Capital Times, The (Madison, WI)
Published on December 19, 2001
© 2001- Madison Newspapers, Inc.
Byline: Michelle Gerise Godwin
"In order to get started, we need you to shout out things, OK?" commands Dennis Kern, director of Ark Improvisational Theater. "First, a time and a place." "Christmas in Mexico!" yells my friend Edward." "All right," says Kern, "now a state of being, so to speak." "Gender confusion!" screams Ellen, who is sitting right next to Ed. "And, go!" exclaims Kern to the troupe assembled on stage. And just like that, a hilarious skit spontaneously erupts from the suggestions.
That was December 1986. It was my first post-finals stint in Madison, and four of us decided to check out the Ark Improv Theater, then nestled at Bassett and Johnson streets, where it resided from 1982-1994. Though the theater itself was somewhat dreary, the Ark's insides never failed to come alive, charged by the electricity that can only stem from fast-paced improv. After that night 15 years ago, I knew I was hooked on Ark. I returned, alone or with friends, for several more shows before it closed down, always keen to be a part of the performance.
It's 15 years later, December 2001, and the Ark has been rebuilt.
Still housed in somewhat dark digs -- not in the theater's own building,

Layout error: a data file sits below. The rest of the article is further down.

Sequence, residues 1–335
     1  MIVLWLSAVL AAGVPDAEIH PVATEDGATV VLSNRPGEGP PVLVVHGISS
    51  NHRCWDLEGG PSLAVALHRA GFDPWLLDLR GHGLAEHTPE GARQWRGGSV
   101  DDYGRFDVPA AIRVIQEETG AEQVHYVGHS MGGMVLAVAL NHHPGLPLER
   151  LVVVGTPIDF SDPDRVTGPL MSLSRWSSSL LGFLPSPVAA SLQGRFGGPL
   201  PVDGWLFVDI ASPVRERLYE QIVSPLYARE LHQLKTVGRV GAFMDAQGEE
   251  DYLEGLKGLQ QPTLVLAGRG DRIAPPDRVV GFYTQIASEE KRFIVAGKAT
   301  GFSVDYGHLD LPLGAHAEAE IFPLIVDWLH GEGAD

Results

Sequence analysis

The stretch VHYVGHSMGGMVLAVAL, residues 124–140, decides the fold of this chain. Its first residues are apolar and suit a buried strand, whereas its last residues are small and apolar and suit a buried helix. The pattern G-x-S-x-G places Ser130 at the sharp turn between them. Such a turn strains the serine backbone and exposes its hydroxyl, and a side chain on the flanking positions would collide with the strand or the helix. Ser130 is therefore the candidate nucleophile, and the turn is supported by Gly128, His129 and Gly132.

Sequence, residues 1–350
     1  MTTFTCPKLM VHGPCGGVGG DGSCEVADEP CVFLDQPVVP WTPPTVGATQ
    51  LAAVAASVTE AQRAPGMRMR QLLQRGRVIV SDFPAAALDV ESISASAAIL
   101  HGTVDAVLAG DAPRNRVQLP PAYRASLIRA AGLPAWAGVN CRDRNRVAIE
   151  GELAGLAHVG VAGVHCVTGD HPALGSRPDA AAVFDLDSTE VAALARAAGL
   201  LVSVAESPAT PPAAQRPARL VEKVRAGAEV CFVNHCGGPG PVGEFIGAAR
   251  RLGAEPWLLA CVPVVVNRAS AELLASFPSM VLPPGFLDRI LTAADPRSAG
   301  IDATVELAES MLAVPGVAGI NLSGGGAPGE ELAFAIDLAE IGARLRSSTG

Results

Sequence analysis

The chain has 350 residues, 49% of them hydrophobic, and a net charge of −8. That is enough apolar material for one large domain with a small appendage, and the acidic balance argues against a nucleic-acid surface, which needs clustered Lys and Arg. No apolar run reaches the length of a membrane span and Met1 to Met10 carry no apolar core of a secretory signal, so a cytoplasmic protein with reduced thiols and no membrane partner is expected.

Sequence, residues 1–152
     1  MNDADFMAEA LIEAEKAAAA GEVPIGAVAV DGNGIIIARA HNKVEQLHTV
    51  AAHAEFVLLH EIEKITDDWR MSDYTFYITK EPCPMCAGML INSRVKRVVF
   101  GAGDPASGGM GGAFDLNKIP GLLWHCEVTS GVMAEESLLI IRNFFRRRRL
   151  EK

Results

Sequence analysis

but at Imperial Palace's lounge on Sherman Avenue -- the MO is still the
same as Dennis Kern stands before us and says: "OK -- Now, for the next skit,
we need a list of emotions, or states of being." "Rage!" "Strung out!" "Suspicious!"
fires back the audience. "Now, what profession do the two on stage have?"
asks Kern. "Out-of-work porn stars!" yells a male voice.
And so, amid the hanging lanterns and tanks filled with bulgy-eyed carp, while some of us dine on pork fried rice and others quaff the tap brews, an on-the-fly skit commences during the new Ark's third-week run -- all to the strains of a silent-movie-type pianist to boot."There just comes a time, when it is time," says Kern, 52, when asked why the Ark is afloat again. "This past spring, there
was a group that worked on long-form improvisation: three or four ideas that can expand into 30-minute routines. Sort of like the Olympics of improv. But that dissolved and focus was back on the old Ark, which revolves around a lot of suggestions from the audience and quicker skits."
Says Kern, who teaches improv skills to middle school and high school kids through the MadCAP program (Madison Creative Arts), "Improvisational theater is crucial for a sense of community. People need to get out and relate to one other and what better way than by expressing an idea, or emoting, or being part of a scene? You aren't allowed to contribute that way with real theater.' "
* Humor," says Kern, "is also key to how humans relate. Some seem to be afraid of it. But our whole culture desperately needs a sense of humor. And something every city needs is theatrical improv. We're just happy to be a part of that once more."
I'm happy they're back, too.
The Ark Improvisational Theater takes the stage at 8 p.m. on Thursdays
at Imperial Palace, 1291 N. Sherman Ave.
Admission is $2. For more information, call 249-4448. Michelle Gerise Godwin Type of story: Column